49. A method in accordance with claim 48, wherein a data point falling outside of any cluster indicates the presence of a candidate extra copy of a gene.
50. A method in accordance with claim 48 wherein a data point falling outside of any cluster indicates the presence of a candidate third allele.
51. A method in accordance with claim 48, wherein a data point falling outside of any cluster indicates the presence of a candidate non-specific primer.
52. A method in accordance with claim 48, wherein a data point falling outside of any cluster indicates the presence of a candidate allele under a primer.
53. A method in accordance with claim 48, wherein a data point falling outside of any cluster indicates the presence of a candidate allele under a probe.
54. A method in accordance with claim 43, wherein the first fluorophore and the second fluorophore are different and are each selected from the group consisting of FAM, VIC, Sybra Green, TET, HEX, JOE, NED, LIZ, TAMRA, ROX, ALEXA, Texas Red, Cy3, Cy5, Cy7, Cy9, and dR6G.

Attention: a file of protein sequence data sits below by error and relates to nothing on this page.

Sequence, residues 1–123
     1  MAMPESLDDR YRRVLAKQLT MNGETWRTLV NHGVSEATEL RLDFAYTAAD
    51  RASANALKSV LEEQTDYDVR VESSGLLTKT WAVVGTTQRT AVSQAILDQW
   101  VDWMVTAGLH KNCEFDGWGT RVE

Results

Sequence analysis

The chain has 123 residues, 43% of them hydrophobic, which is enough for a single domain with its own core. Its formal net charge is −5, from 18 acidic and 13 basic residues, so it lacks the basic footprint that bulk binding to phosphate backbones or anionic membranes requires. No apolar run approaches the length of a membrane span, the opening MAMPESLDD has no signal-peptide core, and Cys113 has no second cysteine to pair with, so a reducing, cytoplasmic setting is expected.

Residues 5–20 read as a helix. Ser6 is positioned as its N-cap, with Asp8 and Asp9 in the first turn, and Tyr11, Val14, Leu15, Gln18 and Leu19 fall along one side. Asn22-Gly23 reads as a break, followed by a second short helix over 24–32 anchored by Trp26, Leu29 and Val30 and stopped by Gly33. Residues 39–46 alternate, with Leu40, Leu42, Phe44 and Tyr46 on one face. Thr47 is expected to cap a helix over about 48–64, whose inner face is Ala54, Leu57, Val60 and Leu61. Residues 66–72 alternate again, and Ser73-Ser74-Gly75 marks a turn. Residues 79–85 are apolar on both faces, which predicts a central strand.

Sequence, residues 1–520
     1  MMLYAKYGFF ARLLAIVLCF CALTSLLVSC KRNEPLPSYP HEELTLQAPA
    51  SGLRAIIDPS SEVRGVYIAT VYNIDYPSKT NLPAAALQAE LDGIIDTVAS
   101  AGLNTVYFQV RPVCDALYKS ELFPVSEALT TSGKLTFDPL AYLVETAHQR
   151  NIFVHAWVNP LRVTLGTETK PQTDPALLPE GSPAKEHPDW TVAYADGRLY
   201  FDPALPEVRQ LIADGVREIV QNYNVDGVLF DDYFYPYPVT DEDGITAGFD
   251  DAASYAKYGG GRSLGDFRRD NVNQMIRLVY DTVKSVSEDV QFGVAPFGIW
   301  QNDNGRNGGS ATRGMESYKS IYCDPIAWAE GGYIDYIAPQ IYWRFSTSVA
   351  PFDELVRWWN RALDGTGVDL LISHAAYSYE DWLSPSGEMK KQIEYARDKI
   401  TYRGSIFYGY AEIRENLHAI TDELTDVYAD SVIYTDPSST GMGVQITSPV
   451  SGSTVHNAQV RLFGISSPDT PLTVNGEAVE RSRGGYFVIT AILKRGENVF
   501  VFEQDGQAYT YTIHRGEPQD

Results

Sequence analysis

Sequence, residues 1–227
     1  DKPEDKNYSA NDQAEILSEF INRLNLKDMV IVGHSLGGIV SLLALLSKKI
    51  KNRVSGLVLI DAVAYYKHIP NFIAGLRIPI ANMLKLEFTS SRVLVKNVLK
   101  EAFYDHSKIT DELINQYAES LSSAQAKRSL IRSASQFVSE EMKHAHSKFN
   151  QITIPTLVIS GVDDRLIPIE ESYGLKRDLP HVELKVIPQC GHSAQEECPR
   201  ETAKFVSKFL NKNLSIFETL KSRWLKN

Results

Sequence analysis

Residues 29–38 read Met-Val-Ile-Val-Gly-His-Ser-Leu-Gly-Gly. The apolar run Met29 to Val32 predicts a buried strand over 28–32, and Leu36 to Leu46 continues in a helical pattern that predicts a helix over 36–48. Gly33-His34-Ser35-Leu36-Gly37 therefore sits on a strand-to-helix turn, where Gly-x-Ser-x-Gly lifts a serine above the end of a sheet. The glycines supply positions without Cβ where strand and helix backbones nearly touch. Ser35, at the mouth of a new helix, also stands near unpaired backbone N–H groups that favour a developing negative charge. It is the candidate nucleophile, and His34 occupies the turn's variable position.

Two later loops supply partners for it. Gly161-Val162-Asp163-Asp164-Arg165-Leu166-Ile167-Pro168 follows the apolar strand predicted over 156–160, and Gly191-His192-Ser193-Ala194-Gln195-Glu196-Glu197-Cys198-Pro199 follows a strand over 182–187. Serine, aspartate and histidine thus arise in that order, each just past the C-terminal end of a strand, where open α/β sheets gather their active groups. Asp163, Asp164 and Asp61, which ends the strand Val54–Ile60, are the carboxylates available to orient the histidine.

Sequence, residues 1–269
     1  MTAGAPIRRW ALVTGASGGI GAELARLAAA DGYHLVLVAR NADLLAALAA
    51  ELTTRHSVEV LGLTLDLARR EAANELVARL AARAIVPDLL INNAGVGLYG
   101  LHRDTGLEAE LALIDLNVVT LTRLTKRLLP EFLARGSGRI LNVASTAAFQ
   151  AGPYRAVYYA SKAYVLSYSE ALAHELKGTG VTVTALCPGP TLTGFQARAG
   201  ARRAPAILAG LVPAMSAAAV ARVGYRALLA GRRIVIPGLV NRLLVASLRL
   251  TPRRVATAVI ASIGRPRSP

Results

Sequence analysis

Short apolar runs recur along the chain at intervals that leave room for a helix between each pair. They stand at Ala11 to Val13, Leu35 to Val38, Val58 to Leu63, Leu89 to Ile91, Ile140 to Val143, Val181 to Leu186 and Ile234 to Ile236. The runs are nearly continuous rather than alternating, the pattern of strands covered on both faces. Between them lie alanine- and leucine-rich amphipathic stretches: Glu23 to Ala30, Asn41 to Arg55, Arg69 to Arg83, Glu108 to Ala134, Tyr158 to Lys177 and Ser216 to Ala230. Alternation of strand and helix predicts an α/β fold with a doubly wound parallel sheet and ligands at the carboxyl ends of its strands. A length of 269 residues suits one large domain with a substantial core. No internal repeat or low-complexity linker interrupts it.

55. A method in accordance with claim 54, wherein the first fluorophore and the second fluorophore are selected from FAM and VIC.
56. A method in accordance with claim 54, wherein the control fluorophore is different from the first fluorophore and the second fluorophore, and is selected from the group consisting of FAM, VIC, Sybra Green, TET, HEX, JOE, NED, LIZ, TAMRA, ROX, ALEXA, Texas Red, Cy3, Cy5, Cy7, Cy9, and dR6G.
57. A method in accordance with claim 43, wherein a cluster comprises at least two data points.
58. A method in accordance with claim 43, wherein the graphical interface further comprises a scatterplot displayed on coordinate axes.
59. A method in accordance with claim 58, wherein coordinate axes are orthogonal coordinate axes.
60. A method in accordance with claim 43, wherein the graphical interface is comprised by a digital computer monitor.
61. A method in accordance with claim 43, wherein the alleles of the genetic locus are SNP alleles.